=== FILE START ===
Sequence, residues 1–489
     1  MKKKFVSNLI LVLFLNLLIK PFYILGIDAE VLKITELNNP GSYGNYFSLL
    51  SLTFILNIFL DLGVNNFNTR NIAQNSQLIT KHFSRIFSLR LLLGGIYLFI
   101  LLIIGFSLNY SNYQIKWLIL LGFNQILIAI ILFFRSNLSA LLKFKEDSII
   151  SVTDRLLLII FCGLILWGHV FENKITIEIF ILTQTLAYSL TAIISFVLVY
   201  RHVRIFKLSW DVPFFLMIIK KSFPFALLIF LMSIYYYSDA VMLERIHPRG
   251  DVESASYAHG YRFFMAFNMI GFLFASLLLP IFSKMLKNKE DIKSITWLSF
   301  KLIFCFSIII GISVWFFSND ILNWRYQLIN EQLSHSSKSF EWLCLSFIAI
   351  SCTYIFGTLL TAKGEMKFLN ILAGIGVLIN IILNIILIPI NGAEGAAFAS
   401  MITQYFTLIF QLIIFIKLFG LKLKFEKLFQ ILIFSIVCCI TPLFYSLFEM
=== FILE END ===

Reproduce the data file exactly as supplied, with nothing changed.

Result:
Sequence, residues 1–489
     1  MKKKFVSNLI LVLFLNLLIK PFYILGIDAE VLKITELNNP GSYGNYFSLL
    51  SLTFILNIFL DLGVNNFNTR NIAQNSQLIT KHFSRIFSLR LLLGGIYLFI
   101  LLIIGFSLNY SNYQIKWLIL LGFNQILIAI ILFFRSNLSA LLKFKEDSII
   151  SVTDRLLLII FCGLILWGHV FENKITIEIF ILTQTLAYSL TAIISFVLVY
   201  RHVRIFKLSW DVPFFLMIIK KSFPFALLIF LMSIYYYSDA VMLERIHPRG
   251  DVESASYAHG YRFFMAFNMI GFLFASLLLP IFSKMLKNKE DIKSITWLSF
   301  KLIFCFSIII GISVWFFSND ILNWRYQLIN EQLSHSSKSF EWLCLSFIAI
   351  SCTYIFGTLL TAKGEMKFLN ILAGIGVLIN IILNIILIPI NGAEGAAFAS
   401  MITQYFTLIF QLIIFIKLFG LKLKFEKLFQ ILIFSIVCCI TPLFYSLFEM